We are very pleased to announce that the following experts have agreed to be in our film: The Vitaphone Project's Ron Hutchinson, James Stone PhD, Mara Mills PhD and Doug Slocum of Synthetic Sound Labs. We have a motley crew of academics and Voder-playing wizards who have signed up to inform and delight you. You won't be disappointed...
You ain't heard nuthin' yet, folks!
Blair and the gang
Please know that any amount you give helps this project gain steam! Every donation fills us with joy and elation! Give us a penny or send many! You cant send too much or too little so send a fortune, a buck or something in the middle. Every cent donated is great so donate what you can, its fate!
Yes, we are silly but that is one reason you love us!
Please read about the fun and surpising goodies you will get in return for donating to our film project. If we meet our goal you will receive a token of our appreciation.
Gifts include tote bags with this original Vitaphone print!
$30- For your donation of $30 or above your name will be mentioned in the credits.
$100- For your donation of $100 or above you will receive our mystery bag of film related goodies (limited to the first 15, $100+ donations)
$250- For your donation of $250 or above you will receive a mystery box of film related goodies (limited to the first 10, $250+ donations)
$500- For your donation of $500 or above you will receive a mystery box of film related goodies and producer credit (limited to the first 10, $500+ donations)
$1000- For your donation of $1000 or above you will receive a executive producer credit on the film.
Again, thank you so much from the bottom of our hearts! And as Barbara (Stan's daughter) always says, "Blue Skies" to you!
Director: Blair Rinn
Assistant Director: Andrea Rinn and Leilani Ringkvist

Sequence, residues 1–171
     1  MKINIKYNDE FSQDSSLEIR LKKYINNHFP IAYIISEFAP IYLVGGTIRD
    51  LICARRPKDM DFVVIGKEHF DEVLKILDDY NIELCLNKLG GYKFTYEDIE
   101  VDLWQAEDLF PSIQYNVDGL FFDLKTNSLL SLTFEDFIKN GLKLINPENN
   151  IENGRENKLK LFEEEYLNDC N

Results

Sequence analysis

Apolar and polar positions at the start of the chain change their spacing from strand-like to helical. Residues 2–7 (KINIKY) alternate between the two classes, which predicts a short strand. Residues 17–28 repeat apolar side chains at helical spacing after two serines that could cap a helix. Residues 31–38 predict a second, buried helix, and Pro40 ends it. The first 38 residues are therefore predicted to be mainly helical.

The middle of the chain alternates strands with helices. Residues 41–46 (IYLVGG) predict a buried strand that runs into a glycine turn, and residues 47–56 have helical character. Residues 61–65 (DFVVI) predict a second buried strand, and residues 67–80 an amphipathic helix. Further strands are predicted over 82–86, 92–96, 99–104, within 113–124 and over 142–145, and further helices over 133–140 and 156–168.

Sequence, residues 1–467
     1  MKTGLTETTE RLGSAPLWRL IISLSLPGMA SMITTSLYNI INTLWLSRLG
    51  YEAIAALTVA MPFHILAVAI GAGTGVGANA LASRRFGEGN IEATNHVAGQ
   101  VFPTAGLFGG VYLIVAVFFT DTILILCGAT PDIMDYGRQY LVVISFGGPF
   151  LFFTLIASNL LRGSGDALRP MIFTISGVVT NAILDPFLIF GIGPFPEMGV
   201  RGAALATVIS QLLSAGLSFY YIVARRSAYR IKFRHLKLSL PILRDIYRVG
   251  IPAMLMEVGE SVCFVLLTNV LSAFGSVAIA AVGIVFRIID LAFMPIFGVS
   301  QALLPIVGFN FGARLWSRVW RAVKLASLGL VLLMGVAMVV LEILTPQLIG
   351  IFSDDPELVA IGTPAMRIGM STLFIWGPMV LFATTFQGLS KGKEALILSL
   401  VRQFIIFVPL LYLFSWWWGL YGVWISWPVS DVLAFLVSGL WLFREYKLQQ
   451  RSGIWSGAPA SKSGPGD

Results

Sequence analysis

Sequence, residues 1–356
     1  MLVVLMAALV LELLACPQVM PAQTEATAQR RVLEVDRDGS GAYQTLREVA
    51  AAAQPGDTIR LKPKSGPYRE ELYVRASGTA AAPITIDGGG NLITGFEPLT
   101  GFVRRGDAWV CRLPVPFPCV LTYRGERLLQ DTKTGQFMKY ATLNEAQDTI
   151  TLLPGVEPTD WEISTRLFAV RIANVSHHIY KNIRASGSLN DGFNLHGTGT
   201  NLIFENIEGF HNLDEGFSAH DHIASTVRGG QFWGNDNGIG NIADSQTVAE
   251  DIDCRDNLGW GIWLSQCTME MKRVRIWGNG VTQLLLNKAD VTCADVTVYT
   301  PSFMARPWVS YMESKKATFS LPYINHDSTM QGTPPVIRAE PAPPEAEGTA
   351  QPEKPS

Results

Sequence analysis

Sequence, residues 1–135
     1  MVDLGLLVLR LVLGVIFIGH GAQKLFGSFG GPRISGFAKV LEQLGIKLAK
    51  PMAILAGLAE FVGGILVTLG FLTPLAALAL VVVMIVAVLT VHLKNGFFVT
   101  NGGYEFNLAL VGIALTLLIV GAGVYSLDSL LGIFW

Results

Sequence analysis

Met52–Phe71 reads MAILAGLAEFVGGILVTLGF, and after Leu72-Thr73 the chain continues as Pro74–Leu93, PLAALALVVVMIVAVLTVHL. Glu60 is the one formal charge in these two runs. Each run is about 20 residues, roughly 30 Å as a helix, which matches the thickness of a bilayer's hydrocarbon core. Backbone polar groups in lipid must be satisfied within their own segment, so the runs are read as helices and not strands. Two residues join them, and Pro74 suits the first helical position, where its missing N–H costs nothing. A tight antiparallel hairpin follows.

Executive Producer: Hugh Witemeyer
Executive Producer: Marcus Weldon, President of Bell Labs
*Video edited by Joel Ortiz
*Narration by Barbara Witemeyer
*Music by Edison Records, "My Sweet Sweeting" by Helen Louise & Frank Ferera, 1916.
*The title "Audible Kinematology and Other Sound Pursuits" is a working title.
We hope you had a wonderful Father's Day! Stanley Watkins was a father to four adoring children. He fostered a love of learning in his children and made them all feel loved. This film project is a testament to that love. Thank you to all of the fathers who have supported this project.
This summer we have an interview planned with Nokia-Bell Labs president, Marcus Weldon. We are grateful for the opportunity to chat with him about the Labs and work of Stanley Watkins.
Happy Memorial Day! Stanley Watkins was one of the scientists at Bell Labs who worked on technologies for both World Wars. Some of the many Bell Labs military developments include the two way radio, sonar devices and the first encrypted communications systems. SIGSALY, the first digital scrambled speech transmission system, enabled Winston Churchill and Franklin Roosevelt to securely hold telephone communications across the Atlantic.